The Definition of Checkering
A regular pattern of fine grooves cut into
the surface of a stock to aid in gripping a gun. Originally done for utility only,
checkering has become an art form in itself; craftsmen adorning the borders with ribbons,
fleur-de-lys, floral carving, etc. The amount of coverage, the precise regularity, and the
number of lines per inch indicate the quality of the work. Too-fine checkering, however,
defeats the purpose of the work altogether.
19 Other Firearms Definitions You Need To Know
A lever on a break-open gun mounted to the top of the receiver which, when pushed with the thumb (normally) to the right, operates (usually) a
Scott Spindle, which in turn withdraws (usually) a Purdey Underbolt from the bites in the lumps of the barrels,
allowing them to hinge downwards and the gun to open.
A railgun is an electrically powered electromagnetic projectile launcher based on similar principles to the homopolar motor.
Using a magnetic field powered by electricity, a rail gun can accelerate a projectile up to 52,493 feet (16,000 meters) per second.
A railgun consists of two parallel metal rails (hence the name) connected to an electrical power supply. When a conductive projectile is inserted between the rails (at the end connected to the power supply), it completes the circuit. Electrons flow from the negative terminal of the power supply up the negative rail, across the projectile, and down the positive rail, back to the power supply.
A double-action semi-automatic firearm which is designed to have a much lighter trigger pull than is usual for a double action.
Yanking the trigger back abruptly, thus pulling the muzzle of the gun downward at the moment the shot fires.
A safety lever or button found on the outer surfaces of the firearm and is accessible to the user. Enabling the external safety should prevent accidental pulling of the trigger. However, the best safety is always you.
A fully automatic firearm that fires pistol ammunition.
Fouling of a firearm bore by metal particles from bullets adhering to the metal surface caused by heat or friction.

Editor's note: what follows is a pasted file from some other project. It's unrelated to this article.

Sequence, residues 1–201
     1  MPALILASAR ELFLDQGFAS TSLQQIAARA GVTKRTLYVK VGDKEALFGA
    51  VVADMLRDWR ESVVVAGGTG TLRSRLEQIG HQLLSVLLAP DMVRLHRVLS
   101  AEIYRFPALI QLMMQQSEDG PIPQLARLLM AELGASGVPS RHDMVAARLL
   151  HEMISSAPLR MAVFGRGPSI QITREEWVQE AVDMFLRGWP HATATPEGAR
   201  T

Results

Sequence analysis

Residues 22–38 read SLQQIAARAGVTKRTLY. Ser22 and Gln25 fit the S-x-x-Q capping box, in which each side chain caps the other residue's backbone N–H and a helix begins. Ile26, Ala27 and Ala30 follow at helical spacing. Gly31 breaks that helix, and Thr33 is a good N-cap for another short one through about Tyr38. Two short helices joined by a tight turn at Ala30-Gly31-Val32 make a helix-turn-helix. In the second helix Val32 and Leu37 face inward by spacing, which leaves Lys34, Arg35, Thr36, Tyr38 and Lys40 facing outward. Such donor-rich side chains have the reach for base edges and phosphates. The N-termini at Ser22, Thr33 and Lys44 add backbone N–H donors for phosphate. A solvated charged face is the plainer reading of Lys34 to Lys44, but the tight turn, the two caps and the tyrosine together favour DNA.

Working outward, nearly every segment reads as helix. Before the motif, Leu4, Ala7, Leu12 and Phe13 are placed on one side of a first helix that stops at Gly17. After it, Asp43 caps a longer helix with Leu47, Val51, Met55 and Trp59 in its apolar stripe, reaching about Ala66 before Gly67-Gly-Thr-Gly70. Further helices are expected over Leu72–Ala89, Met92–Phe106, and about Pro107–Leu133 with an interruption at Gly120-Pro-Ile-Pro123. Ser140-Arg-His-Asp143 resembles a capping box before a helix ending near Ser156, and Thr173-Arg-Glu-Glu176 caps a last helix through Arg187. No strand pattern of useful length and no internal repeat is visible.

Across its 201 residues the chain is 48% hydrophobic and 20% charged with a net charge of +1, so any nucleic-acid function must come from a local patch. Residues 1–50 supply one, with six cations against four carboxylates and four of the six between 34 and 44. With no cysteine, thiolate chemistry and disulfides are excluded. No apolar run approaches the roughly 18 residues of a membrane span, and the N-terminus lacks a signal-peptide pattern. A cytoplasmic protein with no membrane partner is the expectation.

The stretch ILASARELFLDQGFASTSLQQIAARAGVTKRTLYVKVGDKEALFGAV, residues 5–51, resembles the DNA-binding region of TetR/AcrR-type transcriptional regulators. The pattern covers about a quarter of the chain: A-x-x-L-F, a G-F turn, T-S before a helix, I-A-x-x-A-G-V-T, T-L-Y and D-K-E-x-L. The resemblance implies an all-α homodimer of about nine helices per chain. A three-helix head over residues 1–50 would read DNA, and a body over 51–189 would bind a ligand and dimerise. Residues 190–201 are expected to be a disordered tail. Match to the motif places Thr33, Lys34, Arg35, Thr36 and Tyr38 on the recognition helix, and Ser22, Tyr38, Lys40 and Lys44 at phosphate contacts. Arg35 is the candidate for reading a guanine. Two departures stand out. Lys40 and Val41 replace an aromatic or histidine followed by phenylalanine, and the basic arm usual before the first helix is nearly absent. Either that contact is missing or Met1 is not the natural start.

An offset of a gun stock to the right, so
that the line of sight aligns comfortably with the right eye while the butt of the stock
rests comfortably on the right shoulder. Almost all right-handed shooters benefit from a
little castoff and most custom built guns are made this way. The only question is how
much. The castoff of a gun is about right when, with the gun comfortably mounted, the
front bead lines up with the center of the standing breech.
A stock offset to the left, for shooting from the left shoulder is said to be
A rifle with a relatively short barrel.
A line, either imaginary or marked, from which people shoot their firearms down range.
A small lever mounted to the cocking piece of a Winchester Model 70 rifle, rotating on a vertical axis from front (Fire),
halfway back (Safe, but allowing bolt movement), and fully back (Bolt and firing pin locked Safe).
While, like the Mauser, commendable for locking the firing pin instead of just the trigger,
its fore and aft movement is both easier to operate and it allows lower mounting of telescopic sights,
reducing parallax between the line of sight and the line of the bore and increasing the range of
distances for which the scope may be reliably sighted-in.
By convention, powerfully loaded shotgun cartridges for hunting are generally manufactured with relatively longer brass end-caps than lower
powered cartridges intended for target shooting. While different-sized brass bases are of virtually no consequence to the strength of the
shell in relation to the steel breech of the gun itself, they do help the shooter identify the relative power of cartridges at a glance.
The earliest type of gun, now also popular as modern-made replicas, in which blackpowder and projectile(s) are
separately loaded in through the muzzle. The term is often applied to cap-and-ball revolvers where the loading is
done not actually through the muzzle but through the open ends of the cylinder's chambers.
A rifle front sight with a extra-large, folding bead. Typically, in addition to the normal fine bead (which allows for more precision) the larger bead,
while at a cost of potential accuracy, is more readily acquired in marginal light. Also called a Gloaming sight
As in Trapdoor buttplate or Trapdoor Pistol Grip Cap, one of these articles of furniture including a hinged plate,
covering a small compartment below in which may be stored several extra cartridges, sight bits, extra springs or pins, cleaning rod, etc.
A shooting position in which one or both knees are touching the ground, but the shooter is otherwise erect.
A deluxe set of several different associated weapons, being any combination of rifle, shotgun, various handguns, and possibly a knife or two, cased together with appropriate cleaning and loading tools.
Usually a circular or oval band of metal, horn or plastic that goes around the trigger to provide both protection and safety in shooting circumstances.
The shooter's finger should never be within the trigger guard unless the sights are on target and the shooter has made the decision to fire.
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